Grandparents revealed to be the most adventurous of us all
Born to be wild, grandparents were much more adventurous during their youth in the great outdoors than today’s youngsters – half of whom have never even climbed a tree, a recently commissioned survey by The National Trust shows.
The survey reveals that grandparents are the key ingredient to helping today’s generation develop a connection with the outdoors and nature.
Three quarters of grandparents say they were far more daring in their youth compared to both their children and grandchildren. A huge majority (92 per cent) say that they take great enjoyment from teaching their grandchildren about these adventurous activities, such as building a den or flying a kite. The survey also reveals that 4 in 5 adults believe children today have less freedom to explore and play outdoors, compared to their own childhood.
The research polled 1,000 grandparents and parents as part of The National Trust’s ‘50 Things To Do Before You’re 11 ¾’ initiative – which aims to encourage families to get outdoors and enjoy spending time together, looking at the importance of outdoor family play and how this builds a stronger appreciation and connection to nature.
To celebrate the joyful experiences the natural world has to offer, they have created a wildlife documentary-style film, bringing to life the innate connection we all have with nature – with grandparents leading the way.
In this close encounter with the Wild Ones, see how the pack overcome challenges in the great outdoors. Under the watchful gaze of seasoned experts, the Wild Ones show that courage, agility and stealth are all needed to become top dog.
“Learning to appreciate nature at a young, impressionable age makes it much more likely that children will grow up to pass on their love of outdoor experiences to future generations.”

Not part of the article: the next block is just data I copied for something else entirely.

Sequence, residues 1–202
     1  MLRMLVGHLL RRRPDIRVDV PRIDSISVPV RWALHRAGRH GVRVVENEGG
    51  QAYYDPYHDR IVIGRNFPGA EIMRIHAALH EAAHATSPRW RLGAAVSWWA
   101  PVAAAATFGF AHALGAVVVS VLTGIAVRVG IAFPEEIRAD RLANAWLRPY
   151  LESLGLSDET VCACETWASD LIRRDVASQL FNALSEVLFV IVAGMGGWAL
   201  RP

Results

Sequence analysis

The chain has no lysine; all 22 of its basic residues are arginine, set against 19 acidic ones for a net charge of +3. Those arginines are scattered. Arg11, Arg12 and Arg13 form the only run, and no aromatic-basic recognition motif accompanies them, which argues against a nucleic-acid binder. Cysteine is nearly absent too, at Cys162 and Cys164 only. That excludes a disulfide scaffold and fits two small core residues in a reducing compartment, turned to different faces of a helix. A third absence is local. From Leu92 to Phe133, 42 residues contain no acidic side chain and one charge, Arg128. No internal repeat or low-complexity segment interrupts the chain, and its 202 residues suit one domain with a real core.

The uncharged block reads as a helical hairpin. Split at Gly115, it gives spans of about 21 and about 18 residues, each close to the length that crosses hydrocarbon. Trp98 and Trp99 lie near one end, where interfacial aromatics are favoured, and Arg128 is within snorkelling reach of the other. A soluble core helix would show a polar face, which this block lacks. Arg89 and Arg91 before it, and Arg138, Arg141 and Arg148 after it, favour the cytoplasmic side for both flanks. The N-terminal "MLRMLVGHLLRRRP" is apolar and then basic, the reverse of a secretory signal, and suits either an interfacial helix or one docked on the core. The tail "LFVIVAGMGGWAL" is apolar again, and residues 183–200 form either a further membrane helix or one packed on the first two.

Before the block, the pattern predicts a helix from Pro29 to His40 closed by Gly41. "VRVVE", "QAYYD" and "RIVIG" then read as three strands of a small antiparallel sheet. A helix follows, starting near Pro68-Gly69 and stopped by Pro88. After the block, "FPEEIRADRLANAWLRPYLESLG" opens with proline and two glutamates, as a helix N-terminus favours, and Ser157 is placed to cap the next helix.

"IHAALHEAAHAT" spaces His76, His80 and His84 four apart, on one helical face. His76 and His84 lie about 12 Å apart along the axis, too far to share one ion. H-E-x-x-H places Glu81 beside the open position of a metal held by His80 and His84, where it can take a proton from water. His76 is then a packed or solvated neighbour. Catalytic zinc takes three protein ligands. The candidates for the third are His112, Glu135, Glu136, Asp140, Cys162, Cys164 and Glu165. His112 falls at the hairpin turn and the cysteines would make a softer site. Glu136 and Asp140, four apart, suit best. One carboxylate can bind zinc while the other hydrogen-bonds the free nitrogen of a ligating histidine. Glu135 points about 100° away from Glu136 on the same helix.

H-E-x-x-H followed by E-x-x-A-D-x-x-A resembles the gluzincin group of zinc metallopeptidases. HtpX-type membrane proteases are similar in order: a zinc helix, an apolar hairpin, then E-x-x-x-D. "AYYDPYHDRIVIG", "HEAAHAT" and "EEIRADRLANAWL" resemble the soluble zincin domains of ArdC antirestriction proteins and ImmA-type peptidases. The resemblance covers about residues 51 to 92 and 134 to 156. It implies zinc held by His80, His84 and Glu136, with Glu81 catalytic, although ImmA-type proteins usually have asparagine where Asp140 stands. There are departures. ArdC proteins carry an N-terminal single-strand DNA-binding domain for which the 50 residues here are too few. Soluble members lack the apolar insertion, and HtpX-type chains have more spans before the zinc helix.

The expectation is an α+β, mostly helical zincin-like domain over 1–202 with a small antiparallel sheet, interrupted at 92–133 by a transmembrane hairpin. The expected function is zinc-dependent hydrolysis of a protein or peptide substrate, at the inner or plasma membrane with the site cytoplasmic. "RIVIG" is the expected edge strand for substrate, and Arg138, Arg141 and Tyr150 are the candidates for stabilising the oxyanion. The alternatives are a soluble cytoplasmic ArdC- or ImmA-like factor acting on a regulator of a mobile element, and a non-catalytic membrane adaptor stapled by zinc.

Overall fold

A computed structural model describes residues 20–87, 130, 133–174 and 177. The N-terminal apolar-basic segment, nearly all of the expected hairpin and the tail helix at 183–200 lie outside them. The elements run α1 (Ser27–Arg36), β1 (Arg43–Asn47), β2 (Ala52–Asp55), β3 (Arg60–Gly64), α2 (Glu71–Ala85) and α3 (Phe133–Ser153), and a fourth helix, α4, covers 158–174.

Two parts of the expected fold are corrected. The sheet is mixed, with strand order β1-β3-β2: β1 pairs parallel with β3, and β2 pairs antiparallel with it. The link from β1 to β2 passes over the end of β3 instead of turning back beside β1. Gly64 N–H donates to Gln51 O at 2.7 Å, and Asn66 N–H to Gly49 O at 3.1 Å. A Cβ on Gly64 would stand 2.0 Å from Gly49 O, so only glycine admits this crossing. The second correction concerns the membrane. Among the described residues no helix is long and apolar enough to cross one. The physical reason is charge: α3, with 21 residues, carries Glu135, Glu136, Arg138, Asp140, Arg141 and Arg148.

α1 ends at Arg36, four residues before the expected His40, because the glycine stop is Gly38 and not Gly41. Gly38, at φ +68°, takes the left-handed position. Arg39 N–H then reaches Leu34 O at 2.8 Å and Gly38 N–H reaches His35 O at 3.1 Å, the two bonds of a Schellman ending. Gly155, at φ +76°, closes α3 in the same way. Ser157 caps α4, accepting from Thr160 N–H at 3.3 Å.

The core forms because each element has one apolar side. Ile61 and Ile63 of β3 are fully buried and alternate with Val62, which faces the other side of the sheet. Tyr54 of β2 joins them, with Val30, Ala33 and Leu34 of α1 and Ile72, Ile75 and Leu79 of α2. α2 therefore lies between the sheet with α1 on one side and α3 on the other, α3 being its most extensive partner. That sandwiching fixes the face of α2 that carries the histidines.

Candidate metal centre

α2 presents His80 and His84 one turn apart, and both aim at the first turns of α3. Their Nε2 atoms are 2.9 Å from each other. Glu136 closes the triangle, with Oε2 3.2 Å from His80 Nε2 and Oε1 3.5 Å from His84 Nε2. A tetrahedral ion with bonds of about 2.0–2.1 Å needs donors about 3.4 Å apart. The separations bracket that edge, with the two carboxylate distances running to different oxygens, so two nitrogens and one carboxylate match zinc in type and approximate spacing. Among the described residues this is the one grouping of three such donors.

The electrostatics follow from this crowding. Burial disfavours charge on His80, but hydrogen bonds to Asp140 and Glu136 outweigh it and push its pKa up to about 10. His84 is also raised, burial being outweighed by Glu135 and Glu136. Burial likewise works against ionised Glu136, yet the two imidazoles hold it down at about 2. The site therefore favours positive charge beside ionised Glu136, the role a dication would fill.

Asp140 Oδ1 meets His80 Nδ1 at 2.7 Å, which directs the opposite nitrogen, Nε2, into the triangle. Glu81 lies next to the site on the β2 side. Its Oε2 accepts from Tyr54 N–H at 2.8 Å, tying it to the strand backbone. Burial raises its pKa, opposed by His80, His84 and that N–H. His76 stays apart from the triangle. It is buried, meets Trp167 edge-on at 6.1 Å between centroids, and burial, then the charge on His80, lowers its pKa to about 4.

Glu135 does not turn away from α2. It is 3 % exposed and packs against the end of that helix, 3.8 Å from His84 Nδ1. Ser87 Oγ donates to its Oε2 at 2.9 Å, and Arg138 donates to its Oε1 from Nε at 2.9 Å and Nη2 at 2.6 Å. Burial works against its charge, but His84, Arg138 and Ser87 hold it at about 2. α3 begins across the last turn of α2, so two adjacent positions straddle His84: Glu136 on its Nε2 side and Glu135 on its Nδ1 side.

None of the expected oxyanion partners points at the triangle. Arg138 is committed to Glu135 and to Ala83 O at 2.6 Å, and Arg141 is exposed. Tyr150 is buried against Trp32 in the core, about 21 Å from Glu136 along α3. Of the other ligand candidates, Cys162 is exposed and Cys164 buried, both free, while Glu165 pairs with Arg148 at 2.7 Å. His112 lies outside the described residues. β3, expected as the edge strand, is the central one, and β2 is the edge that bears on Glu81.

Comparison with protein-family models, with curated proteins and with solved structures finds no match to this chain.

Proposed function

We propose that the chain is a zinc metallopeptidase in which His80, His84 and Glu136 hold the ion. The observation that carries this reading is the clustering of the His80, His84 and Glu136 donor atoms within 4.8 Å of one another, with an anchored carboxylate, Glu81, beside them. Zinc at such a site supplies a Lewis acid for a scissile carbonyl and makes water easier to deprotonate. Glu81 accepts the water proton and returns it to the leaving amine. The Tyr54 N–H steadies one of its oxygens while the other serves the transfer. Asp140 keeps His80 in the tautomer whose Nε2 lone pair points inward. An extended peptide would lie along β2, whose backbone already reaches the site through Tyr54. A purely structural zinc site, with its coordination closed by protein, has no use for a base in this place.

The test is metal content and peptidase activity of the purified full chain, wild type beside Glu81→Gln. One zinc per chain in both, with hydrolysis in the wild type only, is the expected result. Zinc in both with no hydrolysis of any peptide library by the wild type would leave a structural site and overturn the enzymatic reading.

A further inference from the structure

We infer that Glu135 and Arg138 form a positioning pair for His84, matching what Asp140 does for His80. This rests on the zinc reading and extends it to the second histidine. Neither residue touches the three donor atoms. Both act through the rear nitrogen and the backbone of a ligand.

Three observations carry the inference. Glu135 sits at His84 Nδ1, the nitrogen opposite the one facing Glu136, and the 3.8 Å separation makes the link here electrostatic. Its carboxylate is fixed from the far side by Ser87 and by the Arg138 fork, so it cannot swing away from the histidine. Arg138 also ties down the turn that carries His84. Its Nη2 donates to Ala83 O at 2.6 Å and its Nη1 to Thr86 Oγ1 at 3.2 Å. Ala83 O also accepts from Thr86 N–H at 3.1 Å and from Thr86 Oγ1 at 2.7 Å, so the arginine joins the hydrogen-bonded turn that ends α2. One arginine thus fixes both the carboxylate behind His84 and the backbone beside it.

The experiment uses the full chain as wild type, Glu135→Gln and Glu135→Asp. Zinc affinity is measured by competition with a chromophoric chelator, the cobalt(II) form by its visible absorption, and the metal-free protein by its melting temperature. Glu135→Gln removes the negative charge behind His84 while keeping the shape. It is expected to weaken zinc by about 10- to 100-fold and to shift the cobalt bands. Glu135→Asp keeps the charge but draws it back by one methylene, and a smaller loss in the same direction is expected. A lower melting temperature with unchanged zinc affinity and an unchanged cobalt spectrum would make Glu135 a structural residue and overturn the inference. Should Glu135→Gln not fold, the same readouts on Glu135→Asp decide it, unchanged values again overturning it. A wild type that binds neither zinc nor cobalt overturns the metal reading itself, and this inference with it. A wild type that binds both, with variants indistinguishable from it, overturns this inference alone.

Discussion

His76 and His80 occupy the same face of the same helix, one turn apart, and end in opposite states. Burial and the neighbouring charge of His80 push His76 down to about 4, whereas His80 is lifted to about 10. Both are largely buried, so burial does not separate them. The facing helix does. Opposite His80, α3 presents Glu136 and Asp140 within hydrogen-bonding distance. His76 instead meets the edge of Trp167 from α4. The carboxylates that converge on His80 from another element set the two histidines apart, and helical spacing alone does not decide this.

With 61 per cent of grandparents helping with childcare during school holidays, they are the perfect motivators for getting kids engaged with nature. Many admit they have felt a joy in the responsibility to teach their grandchildren about the great outdoors, with 87 per cent of parents and grandparents enjoying seeing their offspring running wild and carefree and 80 per cent taking pleasure from seeing them playing away from technology devices.
Supporting the survey findings, Behavioural Psychologist Donna Dawson (BA, MSc, PhD) adds : “Grandparents today are spending more and more time with their grandchildren in the roles of childminder and carer, and consequently getting to share real ‘quality time’ with them. And the research shows that one of the things they are sharing is a love of nature and the great outdoors, something that harks back to their own happy childhood memories. Learning to appreciate nature at a young, impressionable age makes it much more likely that children will grow up to pass on their love of outdoor experiences to future generations.”
The National Trust used independent online market research company, Fly Research, who surveyed 1,000 British adults aged 18+, between 26 – 29 June 2017. Its researchers are members of the MRS, PRCA, BPC and Esomar, and abide by their guidelines. Further information is available at www.flyresearch.com.